Automatically update Project ID Value in Frontmatter

I am trying to do the following for my project notes. If I am creating a new project note via a template, I would like to have a “Project ID” that counts up so I can use that ID as a filter in dataview.

The frontmatter I currently use (and update manually) is:

---
projectid: P001
---

Example:
“Project 1” has “projectid” “P001”; I create a new note “Project 2”; I am adding my project template to that note; the fontmatter updates the “projectid” to “P002”.

Is this somehow possible? I heard the “templater” plugin is able to do that, but I can’t figure out how, because I am too unfamiliar with it.

Thank you

First you need a convenient place to stash your current project value. I chose to use a simple text file, which I stored in the same folder as my other Templater scripts. The only content in this file is the current value.

File: project-counter.txt

1

Then I set up a Templater template as follows.

File: project.md

<%*
//get a handle on the counter file
const counter = tp.file.find_tfile('project-counter.txt');
//read the current counter value
let count = parseInt(await app.vault.read(counter));
//increment the count
count++;
//save the updated counter value
await app.vault.modify(counter,`${count}`);
-%>
---
projectid: P<% count.toString().padStart(3,'0') %>
---
<% tp.file.cursor() %>

Note, this template assumes you’re applying this template to a blank note. If you need something more advanced that creates the note and stores it in a particular location, there are examples of doing that sort of thing floating around.

1 Like

Wouldn’t it be just as easy to do a Dataview query, and select the highest project id, and then increment that? Is it needed to actually store the project id in a file of its own?

On a related note, how many projects are you like to create during a month/year? Would it be a viable alternative to just use some combination of the year and day-of-year to generate project ids, i.e. 22349 (for day 349 of '22)? They would not be sequential, but then again you would know when you started (or thought of) that particular project. For me such project ids would be a little easier to remember than pure sequential numbers (but this is a matter of personal preferences, for sure)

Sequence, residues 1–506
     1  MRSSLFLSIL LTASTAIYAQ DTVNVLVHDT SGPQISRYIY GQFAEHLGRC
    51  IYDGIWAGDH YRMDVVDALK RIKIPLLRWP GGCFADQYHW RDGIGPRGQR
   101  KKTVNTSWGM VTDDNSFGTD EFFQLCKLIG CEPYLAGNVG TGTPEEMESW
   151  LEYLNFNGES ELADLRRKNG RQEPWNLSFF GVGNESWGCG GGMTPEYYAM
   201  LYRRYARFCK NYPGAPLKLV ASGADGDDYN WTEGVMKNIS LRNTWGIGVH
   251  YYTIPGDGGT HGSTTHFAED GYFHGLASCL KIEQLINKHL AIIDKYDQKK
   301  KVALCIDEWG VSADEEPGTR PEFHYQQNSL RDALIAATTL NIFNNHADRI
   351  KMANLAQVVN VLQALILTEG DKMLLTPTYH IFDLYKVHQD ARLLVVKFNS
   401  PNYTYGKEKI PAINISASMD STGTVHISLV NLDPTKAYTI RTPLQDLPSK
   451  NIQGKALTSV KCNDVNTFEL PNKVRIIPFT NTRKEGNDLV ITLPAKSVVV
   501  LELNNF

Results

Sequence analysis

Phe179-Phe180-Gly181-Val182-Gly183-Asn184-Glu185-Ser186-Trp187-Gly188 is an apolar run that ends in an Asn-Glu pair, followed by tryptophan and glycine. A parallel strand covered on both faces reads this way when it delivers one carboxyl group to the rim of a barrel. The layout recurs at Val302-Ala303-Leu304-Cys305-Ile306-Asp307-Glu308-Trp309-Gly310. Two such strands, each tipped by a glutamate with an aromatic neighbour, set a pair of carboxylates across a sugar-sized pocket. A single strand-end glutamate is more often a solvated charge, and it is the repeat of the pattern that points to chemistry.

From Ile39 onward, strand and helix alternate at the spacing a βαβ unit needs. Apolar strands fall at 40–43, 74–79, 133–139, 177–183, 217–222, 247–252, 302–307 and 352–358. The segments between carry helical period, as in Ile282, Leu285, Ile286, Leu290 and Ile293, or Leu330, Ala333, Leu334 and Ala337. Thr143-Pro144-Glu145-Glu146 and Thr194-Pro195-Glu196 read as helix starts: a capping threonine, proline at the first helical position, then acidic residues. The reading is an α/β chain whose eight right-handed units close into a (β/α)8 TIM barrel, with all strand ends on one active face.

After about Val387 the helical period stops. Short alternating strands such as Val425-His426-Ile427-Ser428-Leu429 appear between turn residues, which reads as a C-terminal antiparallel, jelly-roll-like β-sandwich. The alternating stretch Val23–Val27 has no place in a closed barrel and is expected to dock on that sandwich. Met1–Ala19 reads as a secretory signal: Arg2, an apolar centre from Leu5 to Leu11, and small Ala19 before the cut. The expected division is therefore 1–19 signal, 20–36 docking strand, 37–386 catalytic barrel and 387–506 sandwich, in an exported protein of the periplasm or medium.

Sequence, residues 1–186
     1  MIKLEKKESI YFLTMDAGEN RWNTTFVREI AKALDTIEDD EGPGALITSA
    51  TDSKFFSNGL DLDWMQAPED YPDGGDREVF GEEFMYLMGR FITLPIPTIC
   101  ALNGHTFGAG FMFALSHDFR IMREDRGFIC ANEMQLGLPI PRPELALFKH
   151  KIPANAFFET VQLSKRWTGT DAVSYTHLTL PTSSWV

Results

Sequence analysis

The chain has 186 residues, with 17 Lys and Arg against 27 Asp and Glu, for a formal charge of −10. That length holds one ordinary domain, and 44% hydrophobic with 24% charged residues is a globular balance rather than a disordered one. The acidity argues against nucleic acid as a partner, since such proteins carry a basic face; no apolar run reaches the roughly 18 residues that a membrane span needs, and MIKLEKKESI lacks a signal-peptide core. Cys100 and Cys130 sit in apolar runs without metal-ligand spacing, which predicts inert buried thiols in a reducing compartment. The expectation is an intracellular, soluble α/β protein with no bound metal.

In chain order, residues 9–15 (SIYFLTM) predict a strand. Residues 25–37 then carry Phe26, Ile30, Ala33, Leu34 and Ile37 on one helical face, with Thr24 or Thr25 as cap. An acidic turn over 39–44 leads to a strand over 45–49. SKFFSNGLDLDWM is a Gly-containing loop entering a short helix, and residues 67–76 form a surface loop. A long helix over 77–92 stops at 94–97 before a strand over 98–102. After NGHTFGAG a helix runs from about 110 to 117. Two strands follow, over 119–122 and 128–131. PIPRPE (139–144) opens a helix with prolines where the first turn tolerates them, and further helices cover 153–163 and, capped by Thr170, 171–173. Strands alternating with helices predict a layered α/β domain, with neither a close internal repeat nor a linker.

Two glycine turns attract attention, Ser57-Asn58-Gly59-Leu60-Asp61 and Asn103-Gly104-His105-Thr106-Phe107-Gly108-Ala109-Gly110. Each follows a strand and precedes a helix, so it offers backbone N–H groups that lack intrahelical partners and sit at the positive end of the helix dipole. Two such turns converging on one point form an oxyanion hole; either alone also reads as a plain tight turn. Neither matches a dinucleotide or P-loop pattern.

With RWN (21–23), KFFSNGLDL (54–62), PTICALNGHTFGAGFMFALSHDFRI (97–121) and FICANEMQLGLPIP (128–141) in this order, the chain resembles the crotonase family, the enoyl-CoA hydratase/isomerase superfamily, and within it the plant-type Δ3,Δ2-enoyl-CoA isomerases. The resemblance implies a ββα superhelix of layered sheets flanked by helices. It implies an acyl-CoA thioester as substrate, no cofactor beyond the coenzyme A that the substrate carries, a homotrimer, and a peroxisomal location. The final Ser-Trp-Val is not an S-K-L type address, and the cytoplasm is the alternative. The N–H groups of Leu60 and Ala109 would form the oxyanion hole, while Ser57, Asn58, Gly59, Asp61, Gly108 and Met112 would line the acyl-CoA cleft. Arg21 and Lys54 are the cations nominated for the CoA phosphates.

And if you feel up for it, I would strongly consider setting up templater to trigger the new project note for new files within your project folder. So that when you create a new file in there, (or hit a particular hot key,) it setups the new project for you, properly with ID’s, tags, and what-not.

I use this sort of ID system, and it’s a lot easier to implement if you add some redundancy to the metadata and skip the leading zeros, especially if you’re not much of a coder:

---
id: P1
idnum: 1
tags: project
---

That makes querying it much simpler, and assists in sorting and counting.

You could then use a Templater template like this to generate that header with the next ID:

<%*
const dv = DataviewAPI;

var minimumID = "0";
var categoryTag = "project";
var categorySlug = "P";

var allNums = await dv.pages("#" + categoryTag).idnum.sort();
var nextID = await allNums[allNums.length - 1] + 1;
if (Number.isNaN(nextID)) { nextID = minimumID; }
var slugID = categorySlug + nextID;

tR += "---\n";
tR += "id: " + slugID + "\n";
tR += "idnum: " + nextID + "\n";
tR += "tags: " + categoryTag + "\n";
tR += "---\n"; 
%>

Note that you also need Dataview installed to use the above template.

2 Likes

Hi everyone —
Thank you very much for your suggestions.
I need to be honest, I found a way easier way to solve my initial problem. The “Project ID” was just a workaround because I didn’t know that there was a way to use the …

where contains(Project, [[]])

… query to have the file name automatically updated in dataview if I would ever change it. (That’s why I wanted to use a “Product ID” that stays consistent)

This also means (for future readers of this thread) that I can’t confirm if the proposed solution works or not.

Still, thank you very much for taking the time and proposing a solution.